Steele is the only lineman who has improved from week to week against the pass rush, according to PFF grading. Farniok showed improvement against the Giants, but the 40-year-old Peters, a six-time All-Pro selection who played 14 snaps, figures to get more time as he rounds into shape.

The positive in all this has been the production of the ground game. Even after running for just 71 yards against the Bucs, Dallas is tied for 10th in rushing yards per attempt and is 11th in rushing yards per game. Expect offensive coordinator Kellen Moore to continue to lean on Elliott and Pollard. Tyler Smith is the best run-blocking lineman on the roster based on PFF grading, and the Cowboys lead the NFL in run-block win rate. They have made these strides even as Martin has uncharacteristically struggled in the run game.

This should come as good news for Cowboys fans. In the short term, if Dallas expects to continue winning games without Prescott, it will have to rely on Elliott and Pollard. Rush has played surprisingly well. But he still doesn’t rank in the top 15 in PFF grading, yards per attempt, or EPA per play, a metric that measures efficiency. The line is helping to take pressure off of Rush by clearing lanes for the running backs. 

This is how the Cowboys used to roll. From 2014 to ’19, they were the second-best team in rushing efficiency. Over those six years, DeMarco Murray, Darren McFadden, and Elliott tore off 10-yard runs at will, which in turn increased the efficiency of the passing game. But over the last two seasons, the rushing efficiency fell to 17th in the league. Prescott had to win games through the air. If the Cowboys can replicate something close to their rushing efficiency from years past, Moore can open up the playbook, Prescott will not have to throw 38 times a game as he did in 2021, and defenses will have to key on stopping Elliott and Pollard.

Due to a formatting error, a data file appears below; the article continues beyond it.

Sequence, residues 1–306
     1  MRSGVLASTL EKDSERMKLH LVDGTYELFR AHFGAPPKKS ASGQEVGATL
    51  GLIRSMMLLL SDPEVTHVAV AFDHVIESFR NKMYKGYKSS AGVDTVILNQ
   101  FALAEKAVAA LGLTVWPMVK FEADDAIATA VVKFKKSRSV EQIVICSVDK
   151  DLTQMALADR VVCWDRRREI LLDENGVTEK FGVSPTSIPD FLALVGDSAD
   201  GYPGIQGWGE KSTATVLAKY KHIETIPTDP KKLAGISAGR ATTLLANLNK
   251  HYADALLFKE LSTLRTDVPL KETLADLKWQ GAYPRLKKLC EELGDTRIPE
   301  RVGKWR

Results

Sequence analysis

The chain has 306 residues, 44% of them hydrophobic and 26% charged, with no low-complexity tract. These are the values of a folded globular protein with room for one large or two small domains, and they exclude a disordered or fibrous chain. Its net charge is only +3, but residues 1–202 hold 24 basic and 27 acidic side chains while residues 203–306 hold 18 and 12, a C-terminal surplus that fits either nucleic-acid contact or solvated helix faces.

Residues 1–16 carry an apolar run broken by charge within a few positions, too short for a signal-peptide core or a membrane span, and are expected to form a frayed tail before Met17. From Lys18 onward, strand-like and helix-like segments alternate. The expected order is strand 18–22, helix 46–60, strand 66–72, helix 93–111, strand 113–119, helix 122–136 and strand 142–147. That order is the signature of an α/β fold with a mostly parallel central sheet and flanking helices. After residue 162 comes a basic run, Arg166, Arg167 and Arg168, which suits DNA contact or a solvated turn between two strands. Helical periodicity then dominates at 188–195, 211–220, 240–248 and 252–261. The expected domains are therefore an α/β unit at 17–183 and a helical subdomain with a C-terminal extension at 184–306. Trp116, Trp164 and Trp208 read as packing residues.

At the very least, the Cowboys should have options along the line. Peters’ snap count figures to increase, and Connor McGovern will return at some point after suffering a high ankle sprain in Week 1. Farniok, a seventh-round draft pick in 2021, has improved with playing time. Smith has been excellent in run blocking and a pleasant surprise while protecting Rush’s blind side. Steele and center Tyler Biadasz are youngsters who should continue to develop. Martin is Martin. 

And although questions remain, things are nowhere near as dire as they appeared a couple of weeks ago. In fact, the offensive line is a big reason why the Cowboys are 2-1. Who saw that coming?

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Aidan Davis

Aidan Davis

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Aidan Davis covers the Cowboys for StrongSide. He is a lifelong Texan, a University of Texas alum, and a former…